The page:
Regulator sniffs mobile services bods: 'Something's off. Hand me the probe'
PhonepayPlus says there's 'evidence' of ransomware-style marketing
UK premium rate regulator PhonepayPlus has launched an investigation into five mobile phone subscription services after it said that evidence had emerged that each had been marketed though ransomware-style browser lock-in tactics.
Bafona Ltd’s Zovut subscription service, which costs £4.50 per week, is billed as a chance to compete for top-end Apple kit including iPad3 and iPhone5 by taking part in a quiz. Online marketing affiliates involved in the scheme allegedly used malware to "force them to interact" with the Zovut subscription service, according to PhonepayPlus.
In a statement, PhonepayPlus said it had suspended the Zovut subscription service pending an emergency investigation into the issue, which emerged as a problem through its internal monitoring rather than through complaints from UK consumers.
PhonepayPlus, the UK regulator for premium rate telephone services, has launched an Emergency procedure investigation under paragraph 4.5 of its Code of Practice (Twelfth Edition) (the Code), following internal monitoring conducted by PhonepayPlus.
This monitoring evidenced affiliate marketing that appeared to utilise a form of malware known as ransomware to lock consumers’ internet browsers and force them to interact with online offers which directed them to the Level 2 provider, Bafona Ltd’s “Zovut” subscription service(s).
Bafona Ltd has been identified as the Level 2 provider responsible for the service. A Tribunal will decide whether the service is in breach of the Code as soon as is reasonably possible after PhonepayPlus has received a response from the Level 2 provider to its Emergency procedure breach notice, which is to be sent to Bafona Ltd in due course. The service has now been suspended pending conclusion of the investigation and a decision by the Tribunal.
In the meantime, other providers are reminded that enabling this service, or any other services that operate in a similar way, may result in breaches being raised against them.
Four other services are all being investigated for allegedly using similarly illicit ransomware tactics. Each has been suspended pending an emergency probe. The four other suspended subscription services are R&D Media Europe’s "zemgoogs", Jesta Digital GmbH’s "gamester", Gico Europe LLP’s "triviato" and Bitstacker Limited’s "lottobytext".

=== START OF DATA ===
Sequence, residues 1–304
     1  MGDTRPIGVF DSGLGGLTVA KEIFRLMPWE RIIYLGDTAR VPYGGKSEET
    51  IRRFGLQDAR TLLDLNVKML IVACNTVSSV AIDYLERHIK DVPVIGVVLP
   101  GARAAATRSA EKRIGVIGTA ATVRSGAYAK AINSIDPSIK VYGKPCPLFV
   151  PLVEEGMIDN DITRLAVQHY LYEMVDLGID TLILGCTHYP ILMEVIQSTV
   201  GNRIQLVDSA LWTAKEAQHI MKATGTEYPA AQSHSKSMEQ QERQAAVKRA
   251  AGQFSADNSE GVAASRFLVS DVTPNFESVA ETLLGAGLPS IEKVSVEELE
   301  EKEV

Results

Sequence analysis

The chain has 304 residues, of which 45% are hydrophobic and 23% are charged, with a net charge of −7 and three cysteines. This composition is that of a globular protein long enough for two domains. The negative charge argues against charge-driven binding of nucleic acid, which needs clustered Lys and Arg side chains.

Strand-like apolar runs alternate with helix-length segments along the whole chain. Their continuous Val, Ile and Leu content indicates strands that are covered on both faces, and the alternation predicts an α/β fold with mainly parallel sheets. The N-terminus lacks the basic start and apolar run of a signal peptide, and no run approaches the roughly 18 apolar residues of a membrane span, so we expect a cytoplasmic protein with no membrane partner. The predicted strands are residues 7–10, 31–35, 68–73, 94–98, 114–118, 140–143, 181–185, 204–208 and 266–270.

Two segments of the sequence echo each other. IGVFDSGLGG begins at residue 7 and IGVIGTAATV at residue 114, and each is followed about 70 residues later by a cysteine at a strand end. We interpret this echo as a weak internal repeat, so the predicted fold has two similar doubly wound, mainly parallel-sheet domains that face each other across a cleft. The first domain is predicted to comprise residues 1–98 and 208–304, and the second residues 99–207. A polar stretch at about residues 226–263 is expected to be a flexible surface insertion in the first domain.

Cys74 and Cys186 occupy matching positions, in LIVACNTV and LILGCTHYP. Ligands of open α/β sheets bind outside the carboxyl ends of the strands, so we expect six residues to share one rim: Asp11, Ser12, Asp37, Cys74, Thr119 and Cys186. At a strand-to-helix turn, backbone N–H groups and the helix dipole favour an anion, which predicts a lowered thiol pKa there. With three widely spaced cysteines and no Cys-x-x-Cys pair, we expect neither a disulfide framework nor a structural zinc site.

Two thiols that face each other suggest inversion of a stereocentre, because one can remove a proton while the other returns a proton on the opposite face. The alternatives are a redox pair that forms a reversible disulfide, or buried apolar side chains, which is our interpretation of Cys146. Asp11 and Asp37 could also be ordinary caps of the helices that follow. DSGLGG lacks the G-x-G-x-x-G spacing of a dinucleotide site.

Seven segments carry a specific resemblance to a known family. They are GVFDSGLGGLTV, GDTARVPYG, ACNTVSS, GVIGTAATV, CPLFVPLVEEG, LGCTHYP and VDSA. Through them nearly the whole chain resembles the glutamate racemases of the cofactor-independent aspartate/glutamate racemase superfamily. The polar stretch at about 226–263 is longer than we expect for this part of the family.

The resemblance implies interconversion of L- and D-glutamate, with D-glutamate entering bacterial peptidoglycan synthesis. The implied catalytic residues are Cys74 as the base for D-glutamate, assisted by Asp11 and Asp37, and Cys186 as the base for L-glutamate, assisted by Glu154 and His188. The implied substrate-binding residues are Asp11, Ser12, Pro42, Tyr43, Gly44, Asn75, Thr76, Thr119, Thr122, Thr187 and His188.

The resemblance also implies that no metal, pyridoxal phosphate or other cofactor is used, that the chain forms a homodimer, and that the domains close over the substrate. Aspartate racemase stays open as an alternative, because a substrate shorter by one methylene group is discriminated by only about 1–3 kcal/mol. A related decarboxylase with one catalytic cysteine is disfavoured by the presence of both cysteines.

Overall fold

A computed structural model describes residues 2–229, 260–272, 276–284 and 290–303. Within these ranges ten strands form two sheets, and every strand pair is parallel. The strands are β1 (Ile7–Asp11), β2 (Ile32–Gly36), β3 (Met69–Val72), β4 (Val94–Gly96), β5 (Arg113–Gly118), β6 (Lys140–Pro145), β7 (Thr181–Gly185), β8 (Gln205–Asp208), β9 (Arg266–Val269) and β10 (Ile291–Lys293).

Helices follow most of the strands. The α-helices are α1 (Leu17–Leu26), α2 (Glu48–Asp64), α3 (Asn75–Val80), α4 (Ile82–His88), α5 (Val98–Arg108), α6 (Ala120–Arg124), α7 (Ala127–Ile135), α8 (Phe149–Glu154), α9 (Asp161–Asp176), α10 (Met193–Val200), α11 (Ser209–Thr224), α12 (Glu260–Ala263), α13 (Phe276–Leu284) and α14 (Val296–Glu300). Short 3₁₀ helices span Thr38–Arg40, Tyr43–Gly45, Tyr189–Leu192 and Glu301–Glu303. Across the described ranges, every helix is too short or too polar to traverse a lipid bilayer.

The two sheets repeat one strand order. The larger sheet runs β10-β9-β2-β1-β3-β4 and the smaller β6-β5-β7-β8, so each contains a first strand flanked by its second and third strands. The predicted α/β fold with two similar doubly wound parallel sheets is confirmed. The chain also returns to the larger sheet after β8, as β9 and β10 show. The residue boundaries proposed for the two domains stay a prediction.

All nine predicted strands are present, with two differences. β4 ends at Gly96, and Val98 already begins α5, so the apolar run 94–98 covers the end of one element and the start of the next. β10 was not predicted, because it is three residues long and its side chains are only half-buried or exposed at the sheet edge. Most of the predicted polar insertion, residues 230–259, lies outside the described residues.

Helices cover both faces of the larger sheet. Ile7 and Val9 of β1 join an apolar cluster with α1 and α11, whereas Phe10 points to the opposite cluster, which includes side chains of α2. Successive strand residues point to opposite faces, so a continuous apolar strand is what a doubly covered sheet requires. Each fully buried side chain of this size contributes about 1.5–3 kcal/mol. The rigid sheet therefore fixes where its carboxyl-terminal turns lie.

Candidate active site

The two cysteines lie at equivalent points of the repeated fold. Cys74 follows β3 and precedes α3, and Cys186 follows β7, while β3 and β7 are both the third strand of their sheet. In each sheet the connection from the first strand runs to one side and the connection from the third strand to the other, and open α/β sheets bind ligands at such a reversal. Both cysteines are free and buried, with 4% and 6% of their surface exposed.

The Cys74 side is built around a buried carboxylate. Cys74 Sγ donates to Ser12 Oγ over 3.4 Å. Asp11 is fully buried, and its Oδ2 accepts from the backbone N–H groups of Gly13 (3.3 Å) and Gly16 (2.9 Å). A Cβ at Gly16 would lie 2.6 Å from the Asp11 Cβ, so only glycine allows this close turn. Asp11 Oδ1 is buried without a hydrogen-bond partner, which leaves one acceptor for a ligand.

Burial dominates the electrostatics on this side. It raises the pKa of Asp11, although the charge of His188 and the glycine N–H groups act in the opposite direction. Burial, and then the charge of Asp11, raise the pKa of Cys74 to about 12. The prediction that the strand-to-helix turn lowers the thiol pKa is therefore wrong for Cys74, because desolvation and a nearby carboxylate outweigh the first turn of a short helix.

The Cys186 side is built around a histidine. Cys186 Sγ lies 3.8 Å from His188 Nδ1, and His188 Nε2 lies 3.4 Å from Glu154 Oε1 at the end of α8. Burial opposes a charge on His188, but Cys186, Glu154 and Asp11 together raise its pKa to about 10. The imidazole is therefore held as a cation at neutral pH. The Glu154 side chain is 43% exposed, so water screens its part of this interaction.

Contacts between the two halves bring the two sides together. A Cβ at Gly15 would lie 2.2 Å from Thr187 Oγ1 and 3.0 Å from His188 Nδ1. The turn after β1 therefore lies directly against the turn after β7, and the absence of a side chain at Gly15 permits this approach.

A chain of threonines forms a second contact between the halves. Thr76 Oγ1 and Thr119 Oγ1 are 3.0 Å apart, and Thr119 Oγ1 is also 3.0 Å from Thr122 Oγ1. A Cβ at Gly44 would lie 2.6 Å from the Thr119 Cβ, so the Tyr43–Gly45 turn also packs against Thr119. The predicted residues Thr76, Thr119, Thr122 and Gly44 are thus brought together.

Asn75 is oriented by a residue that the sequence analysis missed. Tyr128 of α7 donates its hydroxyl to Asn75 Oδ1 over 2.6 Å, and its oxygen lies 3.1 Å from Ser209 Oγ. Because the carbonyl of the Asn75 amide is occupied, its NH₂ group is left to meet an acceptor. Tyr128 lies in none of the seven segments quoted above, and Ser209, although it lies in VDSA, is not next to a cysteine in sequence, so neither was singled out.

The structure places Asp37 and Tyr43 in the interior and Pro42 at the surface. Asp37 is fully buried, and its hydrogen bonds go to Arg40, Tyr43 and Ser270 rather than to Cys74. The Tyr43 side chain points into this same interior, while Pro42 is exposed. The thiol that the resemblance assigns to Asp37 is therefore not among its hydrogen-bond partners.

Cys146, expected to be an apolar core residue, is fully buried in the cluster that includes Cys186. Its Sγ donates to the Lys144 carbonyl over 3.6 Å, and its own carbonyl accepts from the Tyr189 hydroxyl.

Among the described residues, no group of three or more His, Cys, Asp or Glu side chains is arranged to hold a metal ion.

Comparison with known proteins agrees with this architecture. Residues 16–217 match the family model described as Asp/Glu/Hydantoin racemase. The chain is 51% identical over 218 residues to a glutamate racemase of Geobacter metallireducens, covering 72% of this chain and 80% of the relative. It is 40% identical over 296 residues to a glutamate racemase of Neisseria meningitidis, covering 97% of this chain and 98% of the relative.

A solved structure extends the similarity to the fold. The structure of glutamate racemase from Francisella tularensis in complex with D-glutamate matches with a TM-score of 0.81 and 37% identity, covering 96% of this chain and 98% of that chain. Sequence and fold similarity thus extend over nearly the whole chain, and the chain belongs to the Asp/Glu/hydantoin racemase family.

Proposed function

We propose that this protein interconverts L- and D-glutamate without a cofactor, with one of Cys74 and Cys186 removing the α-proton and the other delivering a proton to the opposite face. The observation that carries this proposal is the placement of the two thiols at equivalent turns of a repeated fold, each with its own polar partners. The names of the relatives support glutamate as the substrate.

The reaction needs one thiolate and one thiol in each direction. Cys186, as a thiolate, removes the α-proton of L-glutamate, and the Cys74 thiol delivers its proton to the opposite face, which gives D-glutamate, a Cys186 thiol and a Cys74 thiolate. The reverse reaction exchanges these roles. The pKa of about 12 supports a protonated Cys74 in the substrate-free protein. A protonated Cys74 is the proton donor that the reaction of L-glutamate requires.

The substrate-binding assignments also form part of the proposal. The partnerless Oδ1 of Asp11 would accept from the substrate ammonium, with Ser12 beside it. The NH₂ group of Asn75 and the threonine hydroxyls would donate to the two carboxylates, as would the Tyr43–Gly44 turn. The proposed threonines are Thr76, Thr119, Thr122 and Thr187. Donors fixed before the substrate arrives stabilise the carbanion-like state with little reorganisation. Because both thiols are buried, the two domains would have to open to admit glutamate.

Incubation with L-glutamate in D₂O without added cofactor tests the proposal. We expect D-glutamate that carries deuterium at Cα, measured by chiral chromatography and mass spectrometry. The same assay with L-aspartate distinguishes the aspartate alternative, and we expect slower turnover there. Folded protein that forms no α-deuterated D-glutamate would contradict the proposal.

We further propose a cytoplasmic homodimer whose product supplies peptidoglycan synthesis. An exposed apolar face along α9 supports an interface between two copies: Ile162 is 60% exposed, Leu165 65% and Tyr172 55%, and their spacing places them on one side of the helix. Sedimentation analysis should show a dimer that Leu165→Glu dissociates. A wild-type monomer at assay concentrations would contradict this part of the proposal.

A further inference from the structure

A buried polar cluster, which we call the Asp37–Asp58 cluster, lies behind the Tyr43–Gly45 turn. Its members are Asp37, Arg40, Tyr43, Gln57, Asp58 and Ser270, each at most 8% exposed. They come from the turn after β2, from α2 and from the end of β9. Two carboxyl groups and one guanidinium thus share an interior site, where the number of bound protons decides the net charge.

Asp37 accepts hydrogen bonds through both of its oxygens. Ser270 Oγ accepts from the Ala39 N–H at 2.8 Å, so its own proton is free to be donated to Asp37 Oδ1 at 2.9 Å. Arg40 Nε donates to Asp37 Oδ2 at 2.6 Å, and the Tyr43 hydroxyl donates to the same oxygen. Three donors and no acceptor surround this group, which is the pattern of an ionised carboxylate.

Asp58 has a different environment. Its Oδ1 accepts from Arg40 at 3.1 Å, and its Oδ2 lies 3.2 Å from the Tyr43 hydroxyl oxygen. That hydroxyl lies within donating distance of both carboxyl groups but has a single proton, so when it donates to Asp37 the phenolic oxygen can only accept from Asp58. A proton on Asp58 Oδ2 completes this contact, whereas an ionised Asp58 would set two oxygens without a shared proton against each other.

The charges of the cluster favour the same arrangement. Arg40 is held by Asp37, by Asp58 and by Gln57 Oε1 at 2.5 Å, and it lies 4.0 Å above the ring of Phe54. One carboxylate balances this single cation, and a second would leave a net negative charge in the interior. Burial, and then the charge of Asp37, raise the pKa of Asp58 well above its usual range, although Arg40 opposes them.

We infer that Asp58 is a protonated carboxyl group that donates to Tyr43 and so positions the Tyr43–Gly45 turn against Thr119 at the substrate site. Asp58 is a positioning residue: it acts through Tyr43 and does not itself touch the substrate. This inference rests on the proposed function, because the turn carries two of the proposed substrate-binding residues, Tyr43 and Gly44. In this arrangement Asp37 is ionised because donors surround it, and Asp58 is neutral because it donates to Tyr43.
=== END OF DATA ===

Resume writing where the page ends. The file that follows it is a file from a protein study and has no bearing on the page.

Ransomware refers to a form of malware that typically locks up systems and accuses the user of some fictitious crime, from distributing music or films on file-sharing networks to circulating child-abuse images. Strains of ransomware Trojans, such as Reveton, often feature police logos to make extortionate demands look more plausible. Victims are typically coerced into coughing up a "fine" of about £100 using untraceable cash vouchers in order to obtain codes to unlock their computers.
When El Reg asked the regulator how the offending behaviour would have presented itself to consumers of premium rate subscription services, it said: "We are still conducting our investigation so it would be inappropriate to comment beyond what we have already released."
Chris Boyd, a senior threat researcher at ThreatTrack Security, said the anti-malware firm had not come across any samples related to the alleged scams highlighted by PhonepayPlus as yet. Boyd was however able to explain the likely scenario behind the alleged scams.
"Although we've had no direct contact with the ransomware mentioned, it sounds like a piece of DIY ransomware where the PC is locked and displays offers and surveys in a window that hijacks the desktop (displaying content loaded from the scammers website), instead of the usual "Pay $200 to unlock your computer and recover your files," Bod explained.
"There are many building tools out there which would allow someone to make a piece of ransomware similar to the one mentioned, and as surveys often display everything from iPad offers and shopping vouchers to mobile subscription services and ringtone deals, it seems likely this could be the scenario described in the [PhonepayPlus] release."
Last December, ThreatTrack Security blogged about an apparently unrelated strain of DIY ransomware that locks up infected PCs with survey offers. ®